States that limit the number of legal cannabis retailers, typically by allowing jurisdictions to impose local bans on dispensaries, have larger illicit markets, according to new research.
Whitney Economics and the online publication Leafly gathered and analyzed data on both legal and illegal cannabis sales, the density of legal cannabis retailers between jurisdictions, and the maturity of the legal market.
Their analysis reveals that more legal marijuana dispensaries is correlated with fewer illicit cannabis sales, as is the case in Colorado, Oregon, and Alaska which have the highest number of cannabis stores per capita. Those states with fewest legal marijuana dispensaries, such as California, Illinois, Michigan, and New Jersey, tend to have more illicit cannabis activity.
“States with roughly 20 to 40 legal regulated stores per 100,000 residents, in general, have captured 80 percent to 90 percent of all cannabis sales in the legal market,” the report reads.
“States with single-digit stores per 100,000 residents tend to struggle to capture legal sales, with the illicit market still accounting for 30 percent to 50 percent of sales. States with less than one store per 100,000 residents remain dominated by the illegal street market,” it continues.
While the slow roll-out of legal cannabis dispensaries is part of the problem in states that have legalized marijuana sales, the report argues the main issue is local ‘opt-out’ clauses for jurisdictions that don’t want a cannabis dispensary. In California, 62 percent of localities prohibit retail marijuana stores, while in New Jersey it is as many as 71 percent.
The report’s authors conclude that by opting out of legal cannabis sales, local jurisdictions are unwittingly sustaining the illicit cannabis market and perpetuating its attendant social problems while depriving the state of marijuana sales tax revenues.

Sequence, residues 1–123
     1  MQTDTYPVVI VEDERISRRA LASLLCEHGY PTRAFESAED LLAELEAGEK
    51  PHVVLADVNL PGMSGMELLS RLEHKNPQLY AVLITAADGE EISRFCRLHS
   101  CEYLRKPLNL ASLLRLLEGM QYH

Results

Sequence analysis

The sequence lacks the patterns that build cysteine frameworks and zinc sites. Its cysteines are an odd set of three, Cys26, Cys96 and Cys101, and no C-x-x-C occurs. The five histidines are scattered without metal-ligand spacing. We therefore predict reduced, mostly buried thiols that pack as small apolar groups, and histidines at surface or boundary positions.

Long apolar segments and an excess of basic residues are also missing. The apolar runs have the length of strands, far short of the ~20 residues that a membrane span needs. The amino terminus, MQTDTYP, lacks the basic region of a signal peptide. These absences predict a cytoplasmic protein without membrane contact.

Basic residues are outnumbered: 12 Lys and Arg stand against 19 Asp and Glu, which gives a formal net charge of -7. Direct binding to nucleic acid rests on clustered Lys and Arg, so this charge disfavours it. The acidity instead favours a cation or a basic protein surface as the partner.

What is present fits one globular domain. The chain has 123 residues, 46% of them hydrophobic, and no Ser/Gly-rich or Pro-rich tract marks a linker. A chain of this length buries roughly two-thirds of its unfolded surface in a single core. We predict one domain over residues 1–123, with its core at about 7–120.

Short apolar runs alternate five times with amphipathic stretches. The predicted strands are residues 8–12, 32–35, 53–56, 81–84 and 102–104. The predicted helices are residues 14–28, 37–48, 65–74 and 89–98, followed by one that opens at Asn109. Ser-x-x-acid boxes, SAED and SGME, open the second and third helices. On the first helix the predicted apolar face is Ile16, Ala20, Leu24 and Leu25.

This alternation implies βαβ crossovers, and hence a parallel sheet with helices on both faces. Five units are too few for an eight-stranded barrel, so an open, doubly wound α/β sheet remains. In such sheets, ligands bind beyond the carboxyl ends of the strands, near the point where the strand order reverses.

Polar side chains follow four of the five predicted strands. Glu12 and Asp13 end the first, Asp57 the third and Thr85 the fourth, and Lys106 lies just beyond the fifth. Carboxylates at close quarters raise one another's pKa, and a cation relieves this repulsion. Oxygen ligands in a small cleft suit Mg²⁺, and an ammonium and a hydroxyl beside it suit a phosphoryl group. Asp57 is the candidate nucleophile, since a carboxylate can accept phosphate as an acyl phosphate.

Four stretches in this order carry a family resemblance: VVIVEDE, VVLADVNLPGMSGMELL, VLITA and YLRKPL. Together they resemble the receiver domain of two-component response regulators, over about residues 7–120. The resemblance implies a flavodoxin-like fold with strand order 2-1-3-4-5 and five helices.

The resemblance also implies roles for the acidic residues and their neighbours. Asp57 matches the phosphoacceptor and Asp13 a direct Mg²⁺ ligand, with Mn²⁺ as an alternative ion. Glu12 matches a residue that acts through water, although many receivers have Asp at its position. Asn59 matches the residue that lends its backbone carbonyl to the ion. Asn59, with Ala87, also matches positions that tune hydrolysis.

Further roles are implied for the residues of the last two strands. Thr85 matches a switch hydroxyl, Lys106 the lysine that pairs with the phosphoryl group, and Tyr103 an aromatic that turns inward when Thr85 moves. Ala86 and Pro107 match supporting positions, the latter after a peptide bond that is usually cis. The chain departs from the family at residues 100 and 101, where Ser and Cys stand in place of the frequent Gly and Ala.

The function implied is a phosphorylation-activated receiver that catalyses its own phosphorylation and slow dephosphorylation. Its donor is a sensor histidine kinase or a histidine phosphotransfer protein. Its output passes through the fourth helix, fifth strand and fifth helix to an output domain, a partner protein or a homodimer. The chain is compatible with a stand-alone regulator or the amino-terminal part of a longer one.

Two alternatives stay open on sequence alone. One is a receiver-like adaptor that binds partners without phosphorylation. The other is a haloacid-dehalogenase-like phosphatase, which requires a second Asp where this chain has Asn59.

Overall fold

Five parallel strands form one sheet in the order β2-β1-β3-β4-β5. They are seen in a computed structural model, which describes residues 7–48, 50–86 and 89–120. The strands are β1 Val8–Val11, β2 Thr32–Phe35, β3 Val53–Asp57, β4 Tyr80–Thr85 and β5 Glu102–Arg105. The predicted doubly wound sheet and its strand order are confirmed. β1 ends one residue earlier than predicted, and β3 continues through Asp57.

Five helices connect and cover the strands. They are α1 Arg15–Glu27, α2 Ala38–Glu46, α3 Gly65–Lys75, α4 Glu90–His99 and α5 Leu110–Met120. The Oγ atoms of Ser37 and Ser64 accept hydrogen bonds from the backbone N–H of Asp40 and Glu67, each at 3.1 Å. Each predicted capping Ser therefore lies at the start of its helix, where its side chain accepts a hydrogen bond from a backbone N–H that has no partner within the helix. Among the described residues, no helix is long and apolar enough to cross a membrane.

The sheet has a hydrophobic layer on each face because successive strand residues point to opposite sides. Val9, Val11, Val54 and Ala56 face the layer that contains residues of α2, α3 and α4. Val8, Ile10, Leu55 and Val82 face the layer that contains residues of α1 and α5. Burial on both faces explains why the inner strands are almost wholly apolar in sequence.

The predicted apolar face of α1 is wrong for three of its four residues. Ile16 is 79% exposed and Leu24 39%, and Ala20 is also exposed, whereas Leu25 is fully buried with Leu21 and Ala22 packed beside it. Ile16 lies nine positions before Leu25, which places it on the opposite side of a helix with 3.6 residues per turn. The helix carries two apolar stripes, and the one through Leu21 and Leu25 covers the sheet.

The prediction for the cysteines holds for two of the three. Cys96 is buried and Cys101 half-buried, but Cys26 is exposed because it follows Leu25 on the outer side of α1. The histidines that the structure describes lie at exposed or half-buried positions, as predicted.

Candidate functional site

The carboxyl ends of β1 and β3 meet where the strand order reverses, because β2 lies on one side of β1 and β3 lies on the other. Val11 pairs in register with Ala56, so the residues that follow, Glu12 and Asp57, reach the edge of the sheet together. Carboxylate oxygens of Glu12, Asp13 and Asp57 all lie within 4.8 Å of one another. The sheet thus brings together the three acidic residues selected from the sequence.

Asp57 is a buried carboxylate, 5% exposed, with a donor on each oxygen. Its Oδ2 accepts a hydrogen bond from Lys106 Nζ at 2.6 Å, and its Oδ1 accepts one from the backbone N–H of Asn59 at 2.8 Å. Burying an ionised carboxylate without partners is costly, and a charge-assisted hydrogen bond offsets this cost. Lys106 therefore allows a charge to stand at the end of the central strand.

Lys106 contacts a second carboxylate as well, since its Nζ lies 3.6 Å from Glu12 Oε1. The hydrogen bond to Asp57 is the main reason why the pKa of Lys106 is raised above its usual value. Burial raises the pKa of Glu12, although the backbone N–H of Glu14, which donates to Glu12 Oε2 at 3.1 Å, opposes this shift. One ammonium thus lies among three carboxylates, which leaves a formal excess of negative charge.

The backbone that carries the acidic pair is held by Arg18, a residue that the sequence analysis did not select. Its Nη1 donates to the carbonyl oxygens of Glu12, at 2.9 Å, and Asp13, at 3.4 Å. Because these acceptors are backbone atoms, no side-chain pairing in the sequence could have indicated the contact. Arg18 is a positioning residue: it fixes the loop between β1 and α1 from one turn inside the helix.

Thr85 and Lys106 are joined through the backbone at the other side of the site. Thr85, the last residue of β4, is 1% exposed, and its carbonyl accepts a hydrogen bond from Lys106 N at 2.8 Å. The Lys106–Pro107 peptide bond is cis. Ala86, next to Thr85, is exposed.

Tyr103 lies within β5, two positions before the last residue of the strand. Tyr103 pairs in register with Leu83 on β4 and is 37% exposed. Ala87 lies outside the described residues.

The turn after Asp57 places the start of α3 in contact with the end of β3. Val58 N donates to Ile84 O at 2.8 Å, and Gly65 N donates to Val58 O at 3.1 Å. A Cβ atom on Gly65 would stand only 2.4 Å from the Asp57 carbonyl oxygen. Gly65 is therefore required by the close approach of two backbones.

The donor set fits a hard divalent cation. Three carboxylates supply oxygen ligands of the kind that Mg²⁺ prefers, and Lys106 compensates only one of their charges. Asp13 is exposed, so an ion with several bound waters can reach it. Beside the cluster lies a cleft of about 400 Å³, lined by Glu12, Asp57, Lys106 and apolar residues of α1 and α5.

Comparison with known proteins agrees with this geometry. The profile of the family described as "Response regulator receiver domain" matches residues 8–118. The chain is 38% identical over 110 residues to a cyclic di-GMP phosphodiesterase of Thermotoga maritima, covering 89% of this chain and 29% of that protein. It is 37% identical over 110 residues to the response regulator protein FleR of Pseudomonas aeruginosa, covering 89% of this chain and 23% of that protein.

NORML’s deputy director, Paul Armentano, has called for municipalities to reconsider their stance on reviving prohibition at the local level.
“Local moratoriums banning the establishment of licensed cannabis retailers do nothing to limit local residents’ access to cannabis; they only limit their access to legal cannabis,’ he said.
“Municipalities need to embrace this reality and provide the necessary oversight in order to hold these businesses accountable and to make this marketplace safe, transparent and profitable for the community.”
Other research indicates that allowing marijuana retailers to operate legally has other benefits besides stemming the illicit market. One economic analysis revealed a positive association between legal cannabis retailers and rising property values, while another showed that jurisdictions with legal cannabis stores had more job growth than those which had chosen to prohibit them.